• Research Paper Instructions (PDF file) These are the official instructions for the assignment. Your grade will be based on how well your work follows these instructions.
    • Drafting the Research Paper
      • Developing a Topic—notes on how to expand a too-short research paper.
      • Paragraph structure Description and illustration of basic elements of paragraph structure, with a sample paragraph color-coded to show how the parts relate to each other (PDF file).
    • Principles of Citation (PDF)
    • WOU's template on "voice markers," a PDF file that lists many common signal phrases for introducing or identifying another author's words or ideas included in your own writing.
    • Incorporating References (required), from the University of Kansas Writing Center (optional).
    • MLA Citation guides. These will give you the basics on how to format your in-text citations and works cited page:
      • The MLA guide from Shoreline Community College–a helpful, color-coded, step-by-step guide to formatting citations correctly.
      • The MLA page at the Purdue OWL (Online Writing Lab)
    • Quotation Mechanics Describes some of the basic rules for including a quotation in a sentence.
    • Plagiarism: What It is and How to Recognize and Avoid It (required), one of the Writing Guides (optional) at Indiana University.
    • Plagiarism Pages (all 5 pages are required--see the menu at the left) at the Purdue Online Writing Lab (optional)
    • Plagiarism, eh? How to recognize it and get it out of your life (optional). A Power-Point-style video: text plus a voice reading the text. You can find the original Powerpoint file here (requires Powerpoint or another program that can read .ppt files).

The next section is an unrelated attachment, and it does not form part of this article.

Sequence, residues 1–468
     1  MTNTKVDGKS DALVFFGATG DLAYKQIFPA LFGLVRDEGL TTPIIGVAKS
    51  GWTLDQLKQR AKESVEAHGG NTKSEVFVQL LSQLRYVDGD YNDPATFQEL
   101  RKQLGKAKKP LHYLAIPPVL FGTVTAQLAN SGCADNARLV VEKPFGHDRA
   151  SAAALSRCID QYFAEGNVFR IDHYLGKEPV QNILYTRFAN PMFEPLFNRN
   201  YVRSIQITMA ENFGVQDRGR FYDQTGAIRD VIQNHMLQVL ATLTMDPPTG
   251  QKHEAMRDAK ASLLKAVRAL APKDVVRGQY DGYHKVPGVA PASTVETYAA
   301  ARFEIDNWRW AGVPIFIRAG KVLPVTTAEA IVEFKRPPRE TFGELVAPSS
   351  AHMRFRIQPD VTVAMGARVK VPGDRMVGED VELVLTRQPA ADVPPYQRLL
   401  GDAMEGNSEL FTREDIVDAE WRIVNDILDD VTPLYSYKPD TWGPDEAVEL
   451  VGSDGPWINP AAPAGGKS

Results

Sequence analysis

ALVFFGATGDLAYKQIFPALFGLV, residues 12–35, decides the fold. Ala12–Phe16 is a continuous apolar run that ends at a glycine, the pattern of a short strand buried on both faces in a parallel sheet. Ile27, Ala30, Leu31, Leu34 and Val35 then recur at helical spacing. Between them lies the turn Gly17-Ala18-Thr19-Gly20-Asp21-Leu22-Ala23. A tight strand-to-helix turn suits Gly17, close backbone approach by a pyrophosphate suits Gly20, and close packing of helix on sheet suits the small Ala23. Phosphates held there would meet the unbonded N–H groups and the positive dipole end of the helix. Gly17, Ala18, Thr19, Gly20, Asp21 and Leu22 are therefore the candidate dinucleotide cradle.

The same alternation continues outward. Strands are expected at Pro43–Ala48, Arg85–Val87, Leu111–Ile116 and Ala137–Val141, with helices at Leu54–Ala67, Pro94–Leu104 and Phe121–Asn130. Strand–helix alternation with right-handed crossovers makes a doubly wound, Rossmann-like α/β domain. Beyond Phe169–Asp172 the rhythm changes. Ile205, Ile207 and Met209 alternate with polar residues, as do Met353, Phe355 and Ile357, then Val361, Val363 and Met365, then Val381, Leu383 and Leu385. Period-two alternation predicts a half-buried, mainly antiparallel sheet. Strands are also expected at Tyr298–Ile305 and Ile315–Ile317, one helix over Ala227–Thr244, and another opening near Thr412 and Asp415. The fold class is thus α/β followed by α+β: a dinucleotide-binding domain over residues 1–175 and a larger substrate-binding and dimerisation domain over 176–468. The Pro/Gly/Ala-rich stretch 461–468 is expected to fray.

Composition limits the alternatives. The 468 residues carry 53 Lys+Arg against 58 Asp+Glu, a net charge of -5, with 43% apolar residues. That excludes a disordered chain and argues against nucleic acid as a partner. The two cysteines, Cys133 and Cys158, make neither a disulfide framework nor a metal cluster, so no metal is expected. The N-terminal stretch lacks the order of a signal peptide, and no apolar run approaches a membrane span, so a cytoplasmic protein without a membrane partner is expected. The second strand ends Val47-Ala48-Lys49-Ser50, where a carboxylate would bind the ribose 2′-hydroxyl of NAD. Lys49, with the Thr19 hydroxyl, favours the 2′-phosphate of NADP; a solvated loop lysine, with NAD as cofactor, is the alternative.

• Research Paper Peer Review I Instructions
    • Research Paper Peer Review II Instructions
    • A sample research paper. This is a final draft of a strong paper—not perfect, but very well done. (PDF)
      • A sample paragraph, revised to show how it can be re-organized and enhanced with transitional devices to give it greater coherence (PDF).

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    Extra Credit Assignment

    You have the option of earning extra credit worth up to 5% of the final grade by writing an extra credit assignment. You can also earn a little extra credit, worth the equivalent of two homework assignments (approximately 1%), by doing some work to prepare for this assignment.

    Here are detailed instructions for each assignment: